MARY LOUISE KELLY, HOST:
How old were you when you learned the basics of physics or rocket science? Or maybe you never did. Well, if there's a toddler in your house, you can refresh your memory or maybe learn something new. As part of our series on kids' media, NPR's Lynn Neary takes a look at books that introduce some complex concepts to the very young.
LYNN NEARY, BYLINE: When Kelly Barrales-Saylor was a new mom, she got lots of kids' books as presents.
KELLY BARRALES-SAYLOR: Basic concept books about shapes and colors and alphabet - and I realized that there wasn't really any science available, nothing about math, nothing about science. And my editorial brain lit up and said, there must be a need for this.
NEARY: Barrales-Saylor is an editor at Sourcebooks. She did some research and found Chris Ferrie, who had self-published some math and science books for kids online. Ferrie is a physicist and mathematician at the University of Technology in Sydney, Australia. He first created the books for his own children.
CHRIS FERRIE: My children find it easier to pronounce proton and neutron and electron than they do, you know, aardvark.
NEARY: When reading to his children, Ferrie noticed that most books used animals to introduce kids to words. In today's world, that just didn't make sense to him.
FERRIE: You know, we're not surrounded by animals anymore. We're surrounded by technology.
NEARY: Barrales-Saylor worked with Ferrie to design a series of books aimed at toddlers and babies. These are sturdy board books with bright colors and simple shapes that introduce the basics of subjects like rocket science, physics and general relativity.
All right, let me get the books out for you.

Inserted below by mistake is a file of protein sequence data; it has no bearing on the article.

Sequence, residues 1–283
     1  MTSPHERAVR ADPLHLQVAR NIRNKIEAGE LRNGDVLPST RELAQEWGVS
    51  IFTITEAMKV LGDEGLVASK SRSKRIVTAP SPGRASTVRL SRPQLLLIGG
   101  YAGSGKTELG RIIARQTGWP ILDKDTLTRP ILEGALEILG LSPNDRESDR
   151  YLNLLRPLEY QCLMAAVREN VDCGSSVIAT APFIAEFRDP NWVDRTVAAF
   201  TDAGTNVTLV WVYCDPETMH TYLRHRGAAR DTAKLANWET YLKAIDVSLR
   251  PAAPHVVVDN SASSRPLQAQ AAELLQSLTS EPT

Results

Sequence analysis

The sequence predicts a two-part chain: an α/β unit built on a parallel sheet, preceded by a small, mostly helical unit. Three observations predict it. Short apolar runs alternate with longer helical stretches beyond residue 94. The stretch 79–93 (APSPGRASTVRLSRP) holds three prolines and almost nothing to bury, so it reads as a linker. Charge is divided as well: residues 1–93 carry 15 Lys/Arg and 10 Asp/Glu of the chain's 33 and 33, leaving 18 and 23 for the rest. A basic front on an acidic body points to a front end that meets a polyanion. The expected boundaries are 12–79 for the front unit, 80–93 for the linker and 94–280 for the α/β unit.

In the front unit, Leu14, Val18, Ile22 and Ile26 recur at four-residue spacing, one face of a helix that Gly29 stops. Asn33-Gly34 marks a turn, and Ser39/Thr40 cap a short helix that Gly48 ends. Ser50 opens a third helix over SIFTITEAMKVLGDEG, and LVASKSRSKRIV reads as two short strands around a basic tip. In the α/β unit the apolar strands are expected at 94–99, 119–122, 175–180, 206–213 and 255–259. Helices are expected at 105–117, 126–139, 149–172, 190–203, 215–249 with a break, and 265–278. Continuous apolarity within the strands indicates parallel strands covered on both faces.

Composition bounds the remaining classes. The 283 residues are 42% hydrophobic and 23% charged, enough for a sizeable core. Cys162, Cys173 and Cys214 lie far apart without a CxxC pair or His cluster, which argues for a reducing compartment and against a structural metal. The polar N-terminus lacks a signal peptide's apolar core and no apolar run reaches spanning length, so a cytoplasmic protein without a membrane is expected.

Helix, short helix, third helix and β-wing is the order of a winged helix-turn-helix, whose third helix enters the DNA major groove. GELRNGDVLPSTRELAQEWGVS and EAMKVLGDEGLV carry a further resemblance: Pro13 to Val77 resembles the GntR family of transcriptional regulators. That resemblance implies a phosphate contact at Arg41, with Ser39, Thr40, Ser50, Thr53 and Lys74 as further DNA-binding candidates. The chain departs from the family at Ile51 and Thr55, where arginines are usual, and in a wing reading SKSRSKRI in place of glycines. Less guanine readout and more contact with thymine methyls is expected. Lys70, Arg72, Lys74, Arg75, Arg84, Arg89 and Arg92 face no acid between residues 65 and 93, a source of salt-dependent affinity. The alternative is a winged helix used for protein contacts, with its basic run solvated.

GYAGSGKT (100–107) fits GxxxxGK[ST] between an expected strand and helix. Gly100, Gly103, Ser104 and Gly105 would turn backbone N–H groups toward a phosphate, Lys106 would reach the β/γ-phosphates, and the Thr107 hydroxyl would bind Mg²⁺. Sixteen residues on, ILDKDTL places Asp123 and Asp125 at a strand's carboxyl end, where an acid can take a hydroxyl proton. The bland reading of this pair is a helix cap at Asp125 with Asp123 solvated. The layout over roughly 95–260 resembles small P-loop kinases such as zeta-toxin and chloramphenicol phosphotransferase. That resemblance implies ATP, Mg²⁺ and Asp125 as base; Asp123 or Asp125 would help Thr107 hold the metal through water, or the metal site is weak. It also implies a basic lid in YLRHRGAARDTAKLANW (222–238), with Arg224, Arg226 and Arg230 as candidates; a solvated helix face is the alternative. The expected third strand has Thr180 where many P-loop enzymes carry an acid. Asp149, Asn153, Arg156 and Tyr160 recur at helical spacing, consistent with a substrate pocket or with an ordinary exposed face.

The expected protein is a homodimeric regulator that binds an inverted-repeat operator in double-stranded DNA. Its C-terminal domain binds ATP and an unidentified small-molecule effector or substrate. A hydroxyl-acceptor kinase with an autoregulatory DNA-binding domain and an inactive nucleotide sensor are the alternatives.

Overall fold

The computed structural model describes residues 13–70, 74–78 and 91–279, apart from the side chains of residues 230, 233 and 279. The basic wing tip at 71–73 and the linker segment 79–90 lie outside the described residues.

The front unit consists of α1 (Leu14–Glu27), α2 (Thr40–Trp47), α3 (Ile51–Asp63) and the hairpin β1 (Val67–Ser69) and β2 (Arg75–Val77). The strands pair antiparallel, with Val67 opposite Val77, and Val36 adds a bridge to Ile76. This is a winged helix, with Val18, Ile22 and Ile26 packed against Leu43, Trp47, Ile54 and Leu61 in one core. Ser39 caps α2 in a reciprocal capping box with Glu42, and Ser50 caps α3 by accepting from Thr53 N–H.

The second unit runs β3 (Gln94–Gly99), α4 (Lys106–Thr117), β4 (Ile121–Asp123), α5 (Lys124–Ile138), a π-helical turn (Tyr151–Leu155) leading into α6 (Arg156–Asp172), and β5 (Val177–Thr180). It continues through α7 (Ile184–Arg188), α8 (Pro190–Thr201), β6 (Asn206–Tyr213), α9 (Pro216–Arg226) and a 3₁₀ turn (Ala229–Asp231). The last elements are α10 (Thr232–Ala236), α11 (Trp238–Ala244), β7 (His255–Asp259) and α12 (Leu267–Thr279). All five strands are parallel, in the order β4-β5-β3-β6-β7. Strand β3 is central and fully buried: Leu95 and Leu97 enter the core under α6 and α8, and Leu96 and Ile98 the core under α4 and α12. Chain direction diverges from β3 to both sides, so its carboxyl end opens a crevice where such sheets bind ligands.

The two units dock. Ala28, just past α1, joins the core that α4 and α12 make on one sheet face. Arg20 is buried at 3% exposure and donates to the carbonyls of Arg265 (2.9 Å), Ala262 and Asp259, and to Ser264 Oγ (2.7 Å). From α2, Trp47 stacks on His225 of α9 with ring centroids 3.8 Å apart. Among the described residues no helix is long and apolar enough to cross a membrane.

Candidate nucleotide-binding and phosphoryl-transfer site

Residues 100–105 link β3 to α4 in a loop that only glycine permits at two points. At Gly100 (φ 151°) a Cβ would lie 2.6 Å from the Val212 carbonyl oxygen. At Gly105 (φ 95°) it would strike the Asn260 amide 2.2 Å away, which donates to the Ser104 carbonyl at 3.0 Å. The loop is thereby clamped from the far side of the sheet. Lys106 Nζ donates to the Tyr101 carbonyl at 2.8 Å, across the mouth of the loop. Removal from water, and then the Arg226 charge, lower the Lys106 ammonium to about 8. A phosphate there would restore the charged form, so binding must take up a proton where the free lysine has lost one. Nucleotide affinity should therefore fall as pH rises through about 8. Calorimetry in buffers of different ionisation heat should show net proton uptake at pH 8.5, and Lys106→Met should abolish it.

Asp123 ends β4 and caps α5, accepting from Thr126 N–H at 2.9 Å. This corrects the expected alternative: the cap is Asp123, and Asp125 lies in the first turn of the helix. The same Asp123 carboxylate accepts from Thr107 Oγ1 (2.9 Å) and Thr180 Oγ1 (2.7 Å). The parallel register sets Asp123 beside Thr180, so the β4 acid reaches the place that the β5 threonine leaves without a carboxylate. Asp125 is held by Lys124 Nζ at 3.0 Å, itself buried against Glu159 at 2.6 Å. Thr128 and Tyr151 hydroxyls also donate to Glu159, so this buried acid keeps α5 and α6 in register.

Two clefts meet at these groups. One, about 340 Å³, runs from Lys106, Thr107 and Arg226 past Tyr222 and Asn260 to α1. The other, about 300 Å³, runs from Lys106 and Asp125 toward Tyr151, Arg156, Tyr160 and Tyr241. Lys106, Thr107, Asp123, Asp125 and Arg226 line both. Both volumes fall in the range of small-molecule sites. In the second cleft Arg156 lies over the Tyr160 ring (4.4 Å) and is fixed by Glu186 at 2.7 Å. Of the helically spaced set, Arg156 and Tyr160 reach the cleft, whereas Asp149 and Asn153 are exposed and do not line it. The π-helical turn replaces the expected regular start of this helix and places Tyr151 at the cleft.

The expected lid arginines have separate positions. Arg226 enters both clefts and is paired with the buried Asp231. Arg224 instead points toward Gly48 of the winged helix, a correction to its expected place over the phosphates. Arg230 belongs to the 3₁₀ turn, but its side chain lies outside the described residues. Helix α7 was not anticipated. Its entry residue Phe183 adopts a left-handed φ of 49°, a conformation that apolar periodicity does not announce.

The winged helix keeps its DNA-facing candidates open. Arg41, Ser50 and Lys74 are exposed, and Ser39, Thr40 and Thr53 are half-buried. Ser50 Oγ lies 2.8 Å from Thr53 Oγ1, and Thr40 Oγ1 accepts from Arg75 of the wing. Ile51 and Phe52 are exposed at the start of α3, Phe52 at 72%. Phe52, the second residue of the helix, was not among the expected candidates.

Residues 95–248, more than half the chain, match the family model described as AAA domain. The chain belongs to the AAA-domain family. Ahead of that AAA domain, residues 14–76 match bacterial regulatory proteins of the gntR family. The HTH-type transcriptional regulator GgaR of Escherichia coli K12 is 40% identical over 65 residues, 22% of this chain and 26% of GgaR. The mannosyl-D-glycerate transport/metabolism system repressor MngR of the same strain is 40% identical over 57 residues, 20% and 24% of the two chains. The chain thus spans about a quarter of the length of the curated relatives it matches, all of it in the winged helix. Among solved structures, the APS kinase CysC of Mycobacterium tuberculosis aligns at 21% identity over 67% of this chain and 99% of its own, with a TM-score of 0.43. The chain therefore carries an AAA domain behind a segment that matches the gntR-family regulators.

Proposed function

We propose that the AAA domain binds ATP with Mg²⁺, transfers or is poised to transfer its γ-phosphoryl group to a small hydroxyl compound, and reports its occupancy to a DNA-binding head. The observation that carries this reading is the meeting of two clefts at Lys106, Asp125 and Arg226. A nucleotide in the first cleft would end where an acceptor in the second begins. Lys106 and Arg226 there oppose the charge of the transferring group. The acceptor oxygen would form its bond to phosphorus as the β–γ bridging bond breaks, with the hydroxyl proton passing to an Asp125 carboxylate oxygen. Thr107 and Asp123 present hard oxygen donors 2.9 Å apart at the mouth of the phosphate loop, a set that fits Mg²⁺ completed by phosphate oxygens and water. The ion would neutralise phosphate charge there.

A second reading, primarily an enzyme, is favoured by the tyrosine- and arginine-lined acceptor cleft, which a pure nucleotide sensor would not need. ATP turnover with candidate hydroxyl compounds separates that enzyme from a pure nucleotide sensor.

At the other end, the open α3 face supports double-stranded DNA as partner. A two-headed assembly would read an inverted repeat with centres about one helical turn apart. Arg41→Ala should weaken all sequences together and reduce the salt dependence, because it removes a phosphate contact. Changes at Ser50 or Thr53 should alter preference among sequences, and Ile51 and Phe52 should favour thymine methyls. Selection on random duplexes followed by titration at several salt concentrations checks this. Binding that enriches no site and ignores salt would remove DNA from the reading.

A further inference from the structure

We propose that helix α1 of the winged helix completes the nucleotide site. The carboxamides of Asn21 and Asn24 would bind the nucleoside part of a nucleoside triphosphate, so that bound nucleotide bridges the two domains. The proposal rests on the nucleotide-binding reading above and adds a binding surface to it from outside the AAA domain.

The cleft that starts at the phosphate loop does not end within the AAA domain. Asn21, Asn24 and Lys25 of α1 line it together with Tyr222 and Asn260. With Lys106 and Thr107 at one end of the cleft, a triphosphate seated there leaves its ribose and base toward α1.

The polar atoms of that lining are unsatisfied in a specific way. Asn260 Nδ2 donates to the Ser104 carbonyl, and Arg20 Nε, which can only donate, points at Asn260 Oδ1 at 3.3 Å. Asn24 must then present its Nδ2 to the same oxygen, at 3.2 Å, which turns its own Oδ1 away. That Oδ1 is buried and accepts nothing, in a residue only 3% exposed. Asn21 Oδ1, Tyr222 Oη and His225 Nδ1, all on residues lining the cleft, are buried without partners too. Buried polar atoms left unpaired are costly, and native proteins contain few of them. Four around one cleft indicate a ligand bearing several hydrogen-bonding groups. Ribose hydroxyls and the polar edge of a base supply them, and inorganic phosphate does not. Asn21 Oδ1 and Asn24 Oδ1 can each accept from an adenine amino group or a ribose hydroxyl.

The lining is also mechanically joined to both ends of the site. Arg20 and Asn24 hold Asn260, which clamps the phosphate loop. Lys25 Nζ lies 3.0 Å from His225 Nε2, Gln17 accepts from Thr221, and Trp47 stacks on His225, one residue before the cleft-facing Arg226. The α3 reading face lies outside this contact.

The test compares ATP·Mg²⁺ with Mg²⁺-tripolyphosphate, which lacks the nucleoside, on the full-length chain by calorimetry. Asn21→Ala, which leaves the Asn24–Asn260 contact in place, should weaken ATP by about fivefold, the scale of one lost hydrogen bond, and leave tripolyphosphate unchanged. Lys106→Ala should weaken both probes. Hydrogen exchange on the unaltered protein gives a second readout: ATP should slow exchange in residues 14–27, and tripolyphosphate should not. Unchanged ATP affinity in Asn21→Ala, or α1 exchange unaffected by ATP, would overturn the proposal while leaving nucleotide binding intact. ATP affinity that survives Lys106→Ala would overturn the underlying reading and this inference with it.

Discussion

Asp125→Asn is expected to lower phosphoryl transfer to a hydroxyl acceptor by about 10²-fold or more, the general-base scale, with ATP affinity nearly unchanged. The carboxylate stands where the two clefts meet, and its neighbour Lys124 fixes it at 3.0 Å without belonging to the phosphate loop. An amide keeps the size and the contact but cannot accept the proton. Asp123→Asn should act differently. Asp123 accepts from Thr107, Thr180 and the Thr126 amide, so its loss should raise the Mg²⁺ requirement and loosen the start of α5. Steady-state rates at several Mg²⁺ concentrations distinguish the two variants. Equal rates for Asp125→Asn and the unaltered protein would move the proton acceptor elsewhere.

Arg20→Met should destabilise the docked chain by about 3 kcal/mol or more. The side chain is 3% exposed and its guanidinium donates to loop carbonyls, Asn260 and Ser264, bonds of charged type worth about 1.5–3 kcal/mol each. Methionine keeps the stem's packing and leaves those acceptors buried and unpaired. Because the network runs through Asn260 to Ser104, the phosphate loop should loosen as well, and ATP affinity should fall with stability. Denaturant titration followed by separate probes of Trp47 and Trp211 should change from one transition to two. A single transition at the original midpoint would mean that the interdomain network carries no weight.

HENRY: I want the rocket book.
NEARY: You want the rocket book?
Six-year-old Henry Nathanson and his 2-and-a-half-year-old sister, Sylvie, live in Washington, D.C. Their mom, Rosie Nathanson, agreed to read the books to her kids.
ROSIE NATHANSON: (Reading) This is a ball. This ball is moving. Air can't go through it.
HENRY: I know because it's - because it's aerodynamic.
NEARY: Henry had learned about flight in school and was excited to hear words he knew in a book called "Rocket Science For Babies."
NATHANSON: The upward force is called lift...
NATHANSON: How'd you know that? This is a...
HENRY: ...When I'm learning about flight.
NATHANSON: Exactly. This is the shape of an airplane wing.
HENRY: I knew that.
NEARY: But while Henry plunged through the books, his little sister grew restless.
SYLVIE: I need a water.
NATHANSON: Listen - OK...
NEARY: An ABC book about math momentarily caught her attention.
NATHANSON: F is for focus. Do you know that?
NATHANSON: The focus is the...
NATHANSON: That's good.
NEARY: But not for long.
NATHANSON: Do you want to read more of this?
NEARY: At 2 and a half, Sylvie was clearly having a hard time grasping the concepts in these books. Sourcebooks editor Kelly Barrales-Saylor says the books are really just an introduction to scientific and mathematical words.
BARRALES-SAYLOR: We know toddlers aren't going to pick up the exact high-level concepts we're explaining. We're trying to do - introduce the small seeds of information, meant for them to remember years later.
NEARY: Sylvie's mom, Rosie Nathanson, thinks her daughter might be more interested in the books a year from now. As for 6-year-old Henry, he gave the books a qualified endorsement.
HENRY: I liked it half, and I didn't like it half.
NATHANSON: I have a question for you...
HENRY: ...Half and half.
NATHANSON: OK, half and half. I have a question for you. If I just came up with this book and said, rocket science, and didn't read the, for babies, what do you think?
HENRY: It would probably be better.
NEARY: Henry might shy away from books that he thinks are for babies, but some parents might find these books are at just the right level to start learning about rocket science. Lynn Neary, NPR News, Washington.
(SOUNDBITE OF SONG, "SCIENCE IS REAL")
THEY MIGHT BE GIANTS: (Singing) Science is real, from the Big Bang to DNA. Science is real, from evolution to the Milky Way. I like those stories about...
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